own axis? (This is one day on your planet.)
- Size: How big is your planet? How does its size (biggest? smallest?)
rate with the other planets? What is your planet's mass?
- Gravity: What is the force of gravity at the surface? For example,
what would a 100-pound person weigh on that planet? (Find
the answer in the exploratorium.)
- Orbit: How long does it take to orbit the sun? (This is one year
on your planet.)
- Atmosphere: What is the composition of the atmosphere? Is it
a thick or a thin atmosphere?
- Temperature: What is the temperature range? How does this compare
to the temperature on Earth?
- Composition and appearance: What type of planet is it? (rocky?
a gas giant?) What is its internal composition? What does your
planet look like?
- Moons: Are there moons orbiting your planet? If so, what
is their description and when were they discovered?
- Rings: Are there rings orbiting your planet? If so, what
is their description and when were they discovered?
- How human beings would fare: Would a person choke in the atmosphere,
be squashed by the extreme gravity, float with ease, freeze, burn
up, or something else?
- Something special: Is there anything special about your planet?
(This can often be the best part of the report, taking you off
on interesting topics. For example, are there 100-year-long storms?
Are there giant volcanoes? Does your planet have a tilted
axis that gives it extreme seasons? Have spacecraft visited your
planet? If so, what have they discovered? Is your planet in an
orbital resonance with another body?)
- Discovery: When was your planet discovered and by whom? (The
planets not visible to the naked eye, Uranus, Neptune, and Pluto,
were discovered after the invention of the telescope).
Citing Your References: When you write your bibliography,
list all of your references
- Web Site: Author(s) if appropriate. Title
of Site or web page. URL of site, date of publication (the earliest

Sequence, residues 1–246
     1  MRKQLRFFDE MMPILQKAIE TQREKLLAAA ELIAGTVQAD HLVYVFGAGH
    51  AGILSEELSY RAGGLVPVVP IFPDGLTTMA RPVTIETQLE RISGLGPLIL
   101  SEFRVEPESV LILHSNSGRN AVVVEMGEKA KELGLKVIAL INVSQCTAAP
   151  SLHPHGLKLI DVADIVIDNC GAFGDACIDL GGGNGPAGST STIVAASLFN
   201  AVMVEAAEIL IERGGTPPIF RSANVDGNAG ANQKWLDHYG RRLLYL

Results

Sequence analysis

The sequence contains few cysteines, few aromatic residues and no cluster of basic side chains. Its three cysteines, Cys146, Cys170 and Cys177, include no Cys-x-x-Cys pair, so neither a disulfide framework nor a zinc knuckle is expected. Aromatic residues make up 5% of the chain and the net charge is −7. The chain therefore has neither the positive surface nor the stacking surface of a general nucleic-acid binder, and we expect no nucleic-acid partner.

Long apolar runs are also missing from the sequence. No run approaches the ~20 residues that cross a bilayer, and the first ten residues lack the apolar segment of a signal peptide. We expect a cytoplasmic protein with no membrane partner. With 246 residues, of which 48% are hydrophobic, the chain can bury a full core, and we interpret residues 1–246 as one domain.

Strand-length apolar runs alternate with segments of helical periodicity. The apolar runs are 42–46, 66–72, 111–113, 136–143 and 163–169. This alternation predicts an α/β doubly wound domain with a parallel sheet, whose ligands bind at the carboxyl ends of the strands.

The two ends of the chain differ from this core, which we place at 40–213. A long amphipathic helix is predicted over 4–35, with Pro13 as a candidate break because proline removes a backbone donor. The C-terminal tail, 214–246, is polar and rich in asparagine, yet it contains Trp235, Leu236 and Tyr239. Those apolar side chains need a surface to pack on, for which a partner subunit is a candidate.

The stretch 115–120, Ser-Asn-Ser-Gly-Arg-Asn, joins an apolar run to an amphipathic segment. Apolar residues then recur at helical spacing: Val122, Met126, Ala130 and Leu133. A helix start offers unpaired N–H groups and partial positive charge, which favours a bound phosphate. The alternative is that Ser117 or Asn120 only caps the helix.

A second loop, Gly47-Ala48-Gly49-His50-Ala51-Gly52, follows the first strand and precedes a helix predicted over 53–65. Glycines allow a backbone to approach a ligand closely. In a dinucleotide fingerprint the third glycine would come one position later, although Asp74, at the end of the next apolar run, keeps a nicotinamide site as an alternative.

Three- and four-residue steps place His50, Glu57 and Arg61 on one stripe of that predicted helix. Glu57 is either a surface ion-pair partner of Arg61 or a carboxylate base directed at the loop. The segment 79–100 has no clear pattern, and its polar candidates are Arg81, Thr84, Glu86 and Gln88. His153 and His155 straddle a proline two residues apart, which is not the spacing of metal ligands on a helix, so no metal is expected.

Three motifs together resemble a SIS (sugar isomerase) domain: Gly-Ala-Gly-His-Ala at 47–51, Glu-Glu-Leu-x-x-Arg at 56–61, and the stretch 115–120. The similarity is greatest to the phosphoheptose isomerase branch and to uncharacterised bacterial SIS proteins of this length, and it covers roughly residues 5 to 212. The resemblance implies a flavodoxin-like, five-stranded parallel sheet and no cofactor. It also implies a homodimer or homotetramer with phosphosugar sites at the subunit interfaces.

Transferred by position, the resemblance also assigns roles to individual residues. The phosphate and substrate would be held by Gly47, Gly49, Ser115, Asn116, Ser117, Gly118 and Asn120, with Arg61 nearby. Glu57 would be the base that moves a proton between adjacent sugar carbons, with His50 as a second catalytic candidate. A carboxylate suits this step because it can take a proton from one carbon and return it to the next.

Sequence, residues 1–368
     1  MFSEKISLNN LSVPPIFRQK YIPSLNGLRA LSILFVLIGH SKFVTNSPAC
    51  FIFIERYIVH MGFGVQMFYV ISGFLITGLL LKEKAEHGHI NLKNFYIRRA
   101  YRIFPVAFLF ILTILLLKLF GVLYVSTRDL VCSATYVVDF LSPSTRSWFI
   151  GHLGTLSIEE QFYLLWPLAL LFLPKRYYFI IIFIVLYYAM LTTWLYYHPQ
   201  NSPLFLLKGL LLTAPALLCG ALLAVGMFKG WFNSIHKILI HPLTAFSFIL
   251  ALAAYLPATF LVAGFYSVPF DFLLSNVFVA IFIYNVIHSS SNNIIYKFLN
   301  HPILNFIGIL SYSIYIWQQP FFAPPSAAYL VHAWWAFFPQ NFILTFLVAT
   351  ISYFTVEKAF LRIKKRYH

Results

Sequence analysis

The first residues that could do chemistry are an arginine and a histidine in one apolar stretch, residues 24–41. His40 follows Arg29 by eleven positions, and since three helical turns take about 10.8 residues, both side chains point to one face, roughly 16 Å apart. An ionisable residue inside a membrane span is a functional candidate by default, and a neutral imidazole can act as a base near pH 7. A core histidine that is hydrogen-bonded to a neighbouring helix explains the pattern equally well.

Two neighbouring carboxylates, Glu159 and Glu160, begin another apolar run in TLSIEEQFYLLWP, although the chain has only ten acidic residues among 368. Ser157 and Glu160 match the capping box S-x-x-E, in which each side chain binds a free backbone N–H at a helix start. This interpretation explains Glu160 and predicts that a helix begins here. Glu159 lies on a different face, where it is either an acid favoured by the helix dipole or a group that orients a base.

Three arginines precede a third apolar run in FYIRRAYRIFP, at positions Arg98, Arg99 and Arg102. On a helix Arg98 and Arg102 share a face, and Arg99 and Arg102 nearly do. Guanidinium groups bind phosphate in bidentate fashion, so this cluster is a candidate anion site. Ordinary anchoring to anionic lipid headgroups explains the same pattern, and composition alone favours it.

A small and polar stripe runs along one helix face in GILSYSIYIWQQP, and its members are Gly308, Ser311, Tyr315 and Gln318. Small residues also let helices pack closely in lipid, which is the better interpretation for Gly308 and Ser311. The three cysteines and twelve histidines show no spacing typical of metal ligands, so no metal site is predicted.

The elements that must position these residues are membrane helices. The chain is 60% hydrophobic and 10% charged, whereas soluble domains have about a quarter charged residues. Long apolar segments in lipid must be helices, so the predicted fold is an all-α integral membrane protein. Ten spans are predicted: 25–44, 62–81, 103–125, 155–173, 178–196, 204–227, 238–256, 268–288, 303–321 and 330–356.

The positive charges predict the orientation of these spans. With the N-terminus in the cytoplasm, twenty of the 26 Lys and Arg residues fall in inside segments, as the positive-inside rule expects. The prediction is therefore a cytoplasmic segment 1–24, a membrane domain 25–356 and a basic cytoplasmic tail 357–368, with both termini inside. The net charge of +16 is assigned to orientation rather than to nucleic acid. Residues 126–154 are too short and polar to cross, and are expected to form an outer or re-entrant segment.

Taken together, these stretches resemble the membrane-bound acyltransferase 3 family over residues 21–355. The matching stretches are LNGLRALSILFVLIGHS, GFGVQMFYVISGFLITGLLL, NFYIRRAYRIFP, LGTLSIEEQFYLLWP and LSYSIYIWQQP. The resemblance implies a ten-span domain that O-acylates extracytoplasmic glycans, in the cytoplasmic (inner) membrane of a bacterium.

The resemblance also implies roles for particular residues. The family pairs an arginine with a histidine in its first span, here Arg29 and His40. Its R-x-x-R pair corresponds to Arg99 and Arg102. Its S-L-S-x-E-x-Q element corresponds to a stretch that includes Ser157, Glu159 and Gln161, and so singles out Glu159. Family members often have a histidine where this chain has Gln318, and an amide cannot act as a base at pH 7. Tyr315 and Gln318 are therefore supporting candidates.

copyright year listed).
- Book: Author(s). Title of book. Edition.
Location of publisher: Name of Publisher, year of publication.
Title of encyclopedia, volume of encyclopedia used. Location of publisher:
Name of Publisher, year of publication, pages
where the article is located.
- Magazine or Journal: Author(s). "Title of
of magazine, Volume.issue (date): pages where the article
- Author(s) are listed last name first, first name or initials
(as cited in the publication).
- Present your report orally to your peers.
- You might use these rubrics for your research
and this presentation.
- Write a diamante about your planet and another planet you learned about.
(Example: gas versus rocky.) The diamante (dee-ah-mahn-tay) is a seven
line contrast poem that is set up to appear in a diamond shape on the
- One word (a noun, the subject)
- Two words (adjectives describing 1)
- Three words (“ing” or “ed” words that relate
to 1) verbs or verbals
- Four words (first two nouns relate to 1, second two nouns to 7)
Three words (“ing” or “ed” words that relate
to 7) verbs verbals
Two words (adjectives describing 7)
One word (a noun, opposite of 1)
- Contrast between planets occurs in this line.
The following is an example of a Diamante about school.
Studying, working, learning,
Lessons, homework, freedom, leisure,
Relaxing, playing, resting,
- Download this NASA
publication for an activity on what characteristics
a planet needs to have life.